FOR IMMEDIATE RELEASE
Stanford Solar Car Team Races to Aerodynamic Efficiency
FORT WORTH, TX (14 March 2016) – Tecplot, SU2, Stanford Solar Car Project and Pointwise will present a joint, 30-minute webinar entitled, “The Stanford Solar Car Project's Race for Aerodynamic Efficiency” on 5 April at 10 a.m. CDT (GMT - 5).
Chasing the Sun 3000 km across the Australian Outback is a challenge. And doing it in a solar powered vehicle is an even bigger challenge. But every two years teams from around the world converge on Darwin, Australia to make the journey to Adelaide in the solar powered cars they have engineered specifically for the Bridgestone World Solar Challenge.
The Stanford Solar Car Project, a student-run organization, has been designing and building solar cars since 1989 and arrives in Darwin every two years with a stunning new vehicle. The latest vehicle in their lineup, Arctan, took 6th place out of 29 teams in the 2015 competition with a time just over 41 hours.
For more information or to register, go to www.pointwise.com/webinar.
Topics covered in this webinar:
Presenters will be Travis Carrigan; Scott Fowler, Tecplot; David Manosalvas, Stanford University; and Rachel Abril, Stanford University.
Scott Fowler is a product manager for Tecplot 360 EX & Tecplot Chorus. Mr. Fowler holds a Bachelor of Science in Electrical Engineering degree from the University of Washington. He has been at Tecplot for 16 years and became a product manager for Tecplot 360 EX and Tecplot Chorus after his tenure as the lead product architect both products. Mr. Fowler sees things from a customers' perspective and is a natural problem solver. It is his job to understand where the CFD and aerospace markets are going, gather customer feedback, and make sure Tecplot develops products to meet those needs.
David E. Manosalvas is a Ph.D. candidate in the Department of Aeronautics & Astronautics at Stanford University. He works in the Aerospace Computing Laboratory under the direction of Professor Antony Jameson. He was awarded a Bachelor of Science in Mechanical Engineering from Bradley University in 2011, and a Master of Science in Aeronautics and Astronautics from Stanford University in 2014. His research interests are in active flow control, aerodynamics of ground vehicles, aircraft and UAV aerodynamics and design, numerical methods, and shape optimization.
Rachel Abril is an aerodynamics lead on the Stanford Solar Car Project and a master's student in Mechanical Engineering at Stanford. Rachel joined the mechanical team in 2013 as a sophomore and gave the TEDx talk following the 2013 car's success. For the most recent 2015 cycle, she specialized in meshing for the aerodynamics team, did mechanical design for the car, and was also a driver. For this next cycle, Rachel is leading the aerodynamics tool chain and hopes to get even more involved in mechanical design.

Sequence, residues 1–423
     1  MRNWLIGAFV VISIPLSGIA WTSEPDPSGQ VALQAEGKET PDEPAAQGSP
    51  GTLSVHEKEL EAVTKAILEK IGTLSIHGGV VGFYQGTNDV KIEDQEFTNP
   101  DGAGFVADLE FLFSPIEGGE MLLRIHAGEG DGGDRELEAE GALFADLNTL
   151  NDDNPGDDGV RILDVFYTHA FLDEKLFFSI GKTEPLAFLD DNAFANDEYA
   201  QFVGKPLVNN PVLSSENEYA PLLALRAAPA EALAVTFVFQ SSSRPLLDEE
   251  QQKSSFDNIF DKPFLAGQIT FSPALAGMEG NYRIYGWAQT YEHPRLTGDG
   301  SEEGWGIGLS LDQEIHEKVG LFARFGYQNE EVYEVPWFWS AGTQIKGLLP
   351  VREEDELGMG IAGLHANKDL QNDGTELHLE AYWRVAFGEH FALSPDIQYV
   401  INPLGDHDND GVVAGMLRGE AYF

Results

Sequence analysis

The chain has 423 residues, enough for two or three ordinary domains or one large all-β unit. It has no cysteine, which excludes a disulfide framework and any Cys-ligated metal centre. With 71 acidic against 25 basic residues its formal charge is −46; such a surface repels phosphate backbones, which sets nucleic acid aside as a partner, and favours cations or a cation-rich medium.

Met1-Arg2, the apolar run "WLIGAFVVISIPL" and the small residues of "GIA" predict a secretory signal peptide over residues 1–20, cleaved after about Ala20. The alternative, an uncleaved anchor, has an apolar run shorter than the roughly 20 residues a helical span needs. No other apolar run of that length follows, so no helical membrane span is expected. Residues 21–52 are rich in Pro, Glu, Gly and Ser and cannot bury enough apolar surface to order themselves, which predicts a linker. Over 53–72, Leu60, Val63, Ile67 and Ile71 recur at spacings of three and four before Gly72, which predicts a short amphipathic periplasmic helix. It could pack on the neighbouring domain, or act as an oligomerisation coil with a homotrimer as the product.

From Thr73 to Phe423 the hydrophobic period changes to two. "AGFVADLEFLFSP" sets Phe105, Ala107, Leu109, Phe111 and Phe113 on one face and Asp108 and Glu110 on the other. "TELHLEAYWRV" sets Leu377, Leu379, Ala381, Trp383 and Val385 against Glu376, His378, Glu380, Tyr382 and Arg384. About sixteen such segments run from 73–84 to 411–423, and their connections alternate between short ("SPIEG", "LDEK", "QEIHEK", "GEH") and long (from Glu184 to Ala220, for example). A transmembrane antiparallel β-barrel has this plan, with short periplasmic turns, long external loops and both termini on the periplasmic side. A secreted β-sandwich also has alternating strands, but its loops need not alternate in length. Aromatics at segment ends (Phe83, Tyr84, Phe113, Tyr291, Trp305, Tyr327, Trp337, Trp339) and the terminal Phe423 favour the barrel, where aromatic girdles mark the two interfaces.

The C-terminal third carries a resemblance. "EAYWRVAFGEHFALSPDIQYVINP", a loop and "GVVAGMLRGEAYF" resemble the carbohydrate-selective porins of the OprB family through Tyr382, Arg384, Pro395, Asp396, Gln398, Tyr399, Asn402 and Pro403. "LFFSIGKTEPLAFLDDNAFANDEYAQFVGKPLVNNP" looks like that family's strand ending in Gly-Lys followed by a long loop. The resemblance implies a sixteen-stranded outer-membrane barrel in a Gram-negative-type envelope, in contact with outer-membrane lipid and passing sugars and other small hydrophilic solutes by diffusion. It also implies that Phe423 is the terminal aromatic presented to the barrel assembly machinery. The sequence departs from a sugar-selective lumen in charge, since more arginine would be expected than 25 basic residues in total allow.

Pointwise, Inc. is solving the top problem facing computational fluid dynamics (CFD) today – reliably generating high-fidelity meshes. The company's Pointwise software generates structured, unstructured and hybrid meshes; interfaces with CFD solvers, such as ANSYS FLUENT, STAR-CCM+, ANSYS CFX, OpenFOAM®, and SU2 as well as many neutral formats, such as CGNS; runs on Windows (Intel and AMD), Linux (Intel and AMD), and Mac, and has a scripting language, Glyph, that can automate CFD meshing. Large manufacturing firms and research organizations worldwide rely on Pointwise as their complete CFD preprocessing solution.
With 35 years of experience and more than 47,000 users worldwide, Tecplot offers the fastest and most versatile desktop visual data analysis tools for scientists and engineers. Whether performing simulations, analyses or experiments, you can quickly explore and understand complex data and present high-quality images and animations exactly the way you want – and it's easy.
SU2 is an open-source collection of software tools written in C++ and integrated using Python for performing CFD analysis and design. It is built specifically for the analysis of partial differential equations (PDEs) and PDE-constrained optimization on unstructured meshes with state of the art numerical methods, making this platform particularly well-suited for aerodynamic shape design. The flexible code structure makes SU2 an ideal vehicle for performing multi-physics simulations. While initial applications were mostly in high-speed aerodynamics, through the initiative of users around the world, SU2 is now being used to design flows in incompressible settings (mechanical systems and ground vehicle design), in renewable energy applications (wind turbines and solar collectors), naval engineering (free surface flows), and even chemical engineering.
Founded in 1989, the Stanford Solar Car Project is an entirely student-run, non-profit organization fueled by its members’ passion for environmentally sustainable technology. The Stanford Solar Car Project provides a unique opportunity for Stanford students to gain valuable hands-on engineering and business experience while raising community awareness of clean energy vehicles. Every two years, the team designs, builds and races a solar car across the Australian Outback in the Bridgestone World Solar Challenge. In 2013, the team finished 4th overall and were North America's No. 1 team. In 2015, the team cut their time behind the leading team in half and are more competitive than ever going into the next race.
More information about Pointwise is available at www.pointwise.com.
Pointwise is a registered trademark and Pointwise Glyph, T-Rex and Let's Talk Meshing are trademarks of Pointwise, Inc. All other trademarks are property of their respective owner.
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